OPERAS & PLAYS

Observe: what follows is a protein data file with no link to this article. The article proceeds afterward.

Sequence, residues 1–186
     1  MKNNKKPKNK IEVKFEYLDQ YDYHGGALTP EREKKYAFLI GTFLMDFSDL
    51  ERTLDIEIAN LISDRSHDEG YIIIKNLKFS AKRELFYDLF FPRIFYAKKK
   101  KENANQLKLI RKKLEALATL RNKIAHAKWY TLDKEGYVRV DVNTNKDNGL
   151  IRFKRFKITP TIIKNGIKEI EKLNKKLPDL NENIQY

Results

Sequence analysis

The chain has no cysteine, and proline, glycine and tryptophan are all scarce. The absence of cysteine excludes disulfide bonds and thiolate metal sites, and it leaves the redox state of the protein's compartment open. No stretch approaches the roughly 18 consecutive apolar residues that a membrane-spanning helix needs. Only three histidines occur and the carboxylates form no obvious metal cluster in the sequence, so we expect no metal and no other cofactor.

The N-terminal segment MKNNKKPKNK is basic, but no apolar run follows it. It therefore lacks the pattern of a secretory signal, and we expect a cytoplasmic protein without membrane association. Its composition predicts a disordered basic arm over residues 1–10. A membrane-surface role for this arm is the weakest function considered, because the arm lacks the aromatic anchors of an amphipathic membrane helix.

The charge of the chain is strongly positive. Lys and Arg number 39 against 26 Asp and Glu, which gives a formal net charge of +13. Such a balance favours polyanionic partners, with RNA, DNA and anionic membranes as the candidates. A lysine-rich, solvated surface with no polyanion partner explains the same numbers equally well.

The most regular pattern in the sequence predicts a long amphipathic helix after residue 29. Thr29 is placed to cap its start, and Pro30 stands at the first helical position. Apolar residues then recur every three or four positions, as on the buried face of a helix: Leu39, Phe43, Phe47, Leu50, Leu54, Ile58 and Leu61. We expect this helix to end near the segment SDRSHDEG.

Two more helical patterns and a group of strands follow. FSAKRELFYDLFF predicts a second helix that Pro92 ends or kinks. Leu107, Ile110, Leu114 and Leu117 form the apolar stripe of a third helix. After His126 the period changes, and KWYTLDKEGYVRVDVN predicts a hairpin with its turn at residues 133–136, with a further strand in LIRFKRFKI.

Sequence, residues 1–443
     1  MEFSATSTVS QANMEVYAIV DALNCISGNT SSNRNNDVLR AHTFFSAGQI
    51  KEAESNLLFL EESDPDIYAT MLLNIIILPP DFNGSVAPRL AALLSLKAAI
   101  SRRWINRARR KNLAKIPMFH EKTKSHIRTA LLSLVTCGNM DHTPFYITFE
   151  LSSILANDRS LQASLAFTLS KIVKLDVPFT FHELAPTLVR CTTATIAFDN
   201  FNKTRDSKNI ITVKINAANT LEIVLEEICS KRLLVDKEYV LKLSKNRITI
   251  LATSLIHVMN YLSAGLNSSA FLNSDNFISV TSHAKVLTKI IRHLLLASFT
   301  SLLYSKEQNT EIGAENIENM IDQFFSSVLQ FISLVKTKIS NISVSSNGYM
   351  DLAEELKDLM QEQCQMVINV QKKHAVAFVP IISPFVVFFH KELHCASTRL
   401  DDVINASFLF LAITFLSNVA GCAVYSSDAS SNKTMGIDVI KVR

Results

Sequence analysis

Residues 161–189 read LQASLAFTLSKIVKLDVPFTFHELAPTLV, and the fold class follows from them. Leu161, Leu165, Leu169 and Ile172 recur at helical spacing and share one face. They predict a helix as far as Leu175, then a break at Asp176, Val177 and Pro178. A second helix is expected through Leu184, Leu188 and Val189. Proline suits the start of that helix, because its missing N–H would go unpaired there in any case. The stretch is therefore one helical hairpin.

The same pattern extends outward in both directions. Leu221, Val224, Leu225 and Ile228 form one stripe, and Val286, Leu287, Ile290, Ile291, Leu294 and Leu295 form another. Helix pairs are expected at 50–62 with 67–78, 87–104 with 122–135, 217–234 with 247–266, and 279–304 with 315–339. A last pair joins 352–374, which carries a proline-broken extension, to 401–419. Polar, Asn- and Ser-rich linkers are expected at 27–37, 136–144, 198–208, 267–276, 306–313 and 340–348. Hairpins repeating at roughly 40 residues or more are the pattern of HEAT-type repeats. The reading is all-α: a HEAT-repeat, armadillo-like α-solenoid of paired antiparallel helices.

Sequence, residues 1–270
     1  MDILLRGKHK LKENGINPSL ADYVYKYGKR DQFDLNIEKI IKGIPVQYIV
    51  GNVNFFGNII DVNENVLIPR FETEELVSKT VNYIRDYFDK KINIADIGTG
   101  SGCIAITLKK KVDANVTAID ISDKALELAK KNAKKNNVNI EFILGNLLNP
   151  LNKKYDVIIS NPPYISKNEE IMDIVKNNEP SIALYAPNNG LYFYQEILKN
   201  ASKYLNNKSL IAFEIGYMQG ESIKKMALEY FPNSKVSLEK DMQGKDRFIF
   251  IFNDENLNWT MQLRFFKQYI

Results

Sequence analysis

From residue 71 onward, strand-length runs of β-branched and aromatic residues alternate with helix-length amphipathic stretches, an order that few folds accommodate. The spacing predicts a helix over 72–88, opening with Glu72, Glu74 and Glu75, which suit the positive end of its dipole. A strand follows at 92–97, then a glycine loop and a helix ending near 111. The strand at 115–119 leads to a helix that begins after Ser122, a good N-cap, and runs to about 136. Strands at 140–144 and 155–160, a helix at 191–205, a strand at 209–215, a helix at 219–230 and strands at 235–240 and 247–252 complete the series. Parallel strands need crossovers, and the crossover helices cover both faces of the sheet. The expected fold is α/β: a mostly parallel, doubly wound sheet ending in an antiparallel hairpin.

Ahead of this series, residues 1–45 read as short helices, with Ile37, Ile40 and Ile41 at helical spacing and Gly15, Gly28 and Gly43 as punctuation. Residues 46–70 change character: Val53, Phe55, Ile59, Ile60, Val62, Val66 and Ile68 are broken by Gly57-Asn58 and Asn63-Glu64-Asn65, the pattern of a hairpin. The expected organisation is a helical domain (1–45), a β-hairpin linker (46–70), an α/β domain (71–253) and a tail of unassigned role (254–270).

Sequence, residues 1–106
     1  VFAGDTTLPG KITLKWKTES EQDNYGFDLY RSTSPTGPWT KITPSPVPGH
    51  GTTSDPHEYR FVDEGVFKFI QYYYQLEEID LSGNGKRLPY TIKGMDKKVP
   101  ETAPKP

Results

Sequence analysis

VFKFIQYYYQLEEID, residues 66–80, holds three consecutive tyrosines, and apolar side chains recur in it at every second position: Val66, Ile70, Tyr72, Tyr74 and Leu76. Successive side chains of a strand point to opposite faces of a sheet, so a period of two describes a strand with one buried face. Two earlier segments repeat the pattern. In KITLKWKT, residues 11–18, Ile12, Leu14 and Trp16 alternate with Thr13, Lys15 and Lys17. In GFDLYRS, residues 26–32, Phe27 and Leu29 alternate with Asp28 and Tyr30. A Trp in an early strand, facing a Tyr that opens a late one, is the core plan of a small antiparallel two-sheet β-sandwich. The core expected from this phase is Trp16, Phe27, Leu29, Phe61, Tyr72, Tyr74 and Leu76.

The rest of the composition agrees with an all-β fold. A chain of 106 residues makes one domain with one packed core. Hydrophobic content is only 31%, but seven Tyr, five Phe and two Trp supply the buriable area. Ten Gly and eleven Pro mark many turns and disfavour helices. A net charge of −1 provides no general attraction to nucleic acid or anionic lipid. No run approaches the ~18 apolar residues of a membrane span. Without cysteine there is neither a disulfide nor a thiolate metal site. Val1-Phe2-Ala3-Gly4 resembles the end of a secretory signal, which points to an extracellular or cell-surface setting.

"Well before Beckett or Pinter," writes James R. Mellow in his new introduction here, "Stein immobilized her characters in talk, talk, talk." Whether or not the average reader will want to embark upon the particularly whimsical yet radically demanding journey of Stein's Operas and Plays may not be the real question; but if the desire were there, its fulfillment would now once again be possible. Stein self-published the Operas and Plays in 1932 in Paris (in the famous Plain Edition), and the extreme rarity of that book has until now made it very nearly inaccessible to readers. Here once again are the dramatic works of Stein from the well-known 1927 "Four Saints In Three Acts" (done with music by Virgil Thomson) on through 20 other pieces including, for example, "Saints And Singing" (1922), "Civilization" (1931) and "Say It With Flowers" (1931) and "A Movie" (1920). A welcome republication whether for the curious browser, the common reader, or the scholar of this stubborn, resilient, controversial, influential and often wonderfully amusing American genius: "Can you love all of the painting, can you love a little Christ. Can you love the roar of weasels can you love the little wife. I do see what makes me thunder when the words are not repressed. I do love the little Jesus I do really love him best. You mean of all the pictures. Yes I mean of all the pictures." ("Reread Another," 1921).